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Invisible Flashes Alter Perceived Sound Location

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Giani,  AS
Department Human Perception, Cognition and Action, Max Planck Institute for Biological Cybernetics, Max Planck Society;
Max Planck Institute for Biological Cybernetics, Max Planck Society;

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Rohe,  T
Department Human Perception, Cognition and Action, Max Planck Institute for Biological Cybernetics, Max Planck Society;
Max Planck Institute for Biological Cybernetics, Max Planck Society;

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Conrad,  V
Department Human Perception, Cognition and Action, Max Planck Institute for Biological Cybernetics, Max Planck Society;
Max Planck Institute for Biological Cybernetics, Max Planck Society;

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Watanabe,  M
Department Physiology of Cognitive Processes, Max Planck Institute for Biological Cybernetics, Max Planck Society;
Max Planck Institute for Biological Cybernetics, Max Planck Society;

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Noppeney,  U
Research Group Cognitive Neuroimaging, Max Planck Institute for Biological Cybernetics, Max Planck Society;
Max Planck Institute for Biological Cybernetics, Max Planck Society;

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Citation

Delong, P., Aller, M., Giani, A., Rohe, T., Conrad, V., Watanabe, M., et al. (2018). Invisible Flashes Alter Perceived Sound Location. Scientific Reports, 8(1): 12376, pp. 1-9. doi:10.1038/s41598-018-30773-3.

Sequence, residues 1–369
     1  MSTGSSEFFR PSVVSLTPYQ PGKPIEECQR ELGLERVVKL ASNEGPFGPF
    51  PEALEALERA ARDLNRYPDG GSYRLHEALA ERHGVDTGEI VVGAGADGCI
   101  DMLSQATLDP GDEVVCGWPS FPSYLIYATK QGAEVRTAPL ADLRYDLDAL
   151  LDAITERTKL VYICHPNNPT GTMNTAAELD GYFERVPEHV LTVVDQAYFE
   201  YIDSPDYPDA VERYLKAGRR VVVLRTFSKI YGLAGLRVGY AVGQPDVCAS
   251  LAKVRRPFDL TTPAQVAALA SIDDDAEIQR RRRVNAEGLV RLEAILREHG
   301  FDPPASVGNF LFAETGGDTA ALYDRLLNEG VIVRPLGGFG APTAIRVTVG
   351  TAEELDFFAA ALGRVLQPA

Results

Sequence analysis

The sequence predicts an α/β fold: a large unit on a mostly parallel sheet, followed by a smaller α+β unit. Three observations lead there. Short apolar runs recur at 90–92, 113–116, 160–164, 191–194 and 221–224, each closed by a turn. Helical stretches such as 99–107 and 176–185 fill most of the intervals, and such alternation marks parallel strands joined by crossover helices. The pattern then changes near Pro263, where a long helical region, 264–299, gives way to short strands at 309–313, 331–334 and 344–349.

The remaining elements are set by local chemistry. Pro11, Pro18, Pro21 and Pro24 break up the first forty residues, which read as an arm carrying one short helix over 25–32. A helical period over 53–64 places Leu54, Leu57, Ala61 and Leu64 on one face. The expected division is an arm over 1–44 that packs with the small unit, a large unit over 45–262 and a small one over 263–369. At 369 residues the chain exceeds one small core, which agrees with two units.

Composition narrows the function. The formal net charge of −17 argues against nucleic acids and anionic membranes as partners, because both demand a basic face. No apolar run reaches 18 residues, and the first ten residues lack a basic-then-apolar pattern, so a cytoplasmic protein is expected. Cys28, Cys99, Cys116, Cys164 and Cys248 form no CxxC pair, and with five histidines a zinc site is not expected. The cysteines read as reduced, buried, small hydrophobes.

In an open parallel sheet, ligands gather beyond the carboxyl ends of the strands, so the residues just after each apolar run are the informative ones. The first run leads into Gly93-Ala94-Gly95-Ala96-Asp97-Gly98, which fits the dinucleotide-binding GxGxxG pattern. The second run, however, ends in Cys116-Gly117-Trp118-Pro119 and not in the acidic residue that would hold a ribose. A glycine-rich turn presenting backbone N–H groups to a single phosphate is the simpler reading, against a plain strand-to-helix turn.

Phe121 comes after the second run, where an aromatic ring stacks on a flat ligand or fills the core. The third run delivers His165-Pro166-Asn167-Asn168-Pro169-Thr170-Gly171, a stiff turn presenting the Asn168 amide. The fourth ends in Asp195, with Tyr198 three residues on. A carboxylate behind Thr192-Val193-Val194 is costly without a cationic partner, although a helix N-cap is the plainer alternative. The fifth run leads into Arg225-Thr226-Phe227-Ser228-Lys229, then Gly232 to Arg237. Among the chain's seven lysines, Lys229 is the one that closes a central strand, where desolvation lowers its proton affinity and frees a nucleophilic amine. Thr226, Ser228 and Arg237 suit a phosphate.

Cite as: http://hdl.handle.net/21.11116/0000-0001-F1DE-5
Abstract
Information integration across the senses is fundamental for effective interactions with our environment. The extent to which signals from different senses can interact in the absence of awareness is controversial. Combining the spatial ventriloquist illusion and dynamic continuous flash suppression (dCFS), we investigated in a series of two experiments whether visual signals that observers do not consciously perceive can influence spatial perception of sounds. Importantly, dCFS obliterated visual awareness only on a fraction of trials allowing us to compare spatial ventriloquism for physically identical flashes that were judged as visible or invisible. Our results show a stronger ventriloquist effect for visible than invisible flashes. Critically, a robust ventriloquist effect emerged also for invisible flashes even when participants were at chance when locating the flash. Collectively, our findings demonstrate that signals that we are not aware of in one sensory modality can alter spatial perception of signals in another sensory modality.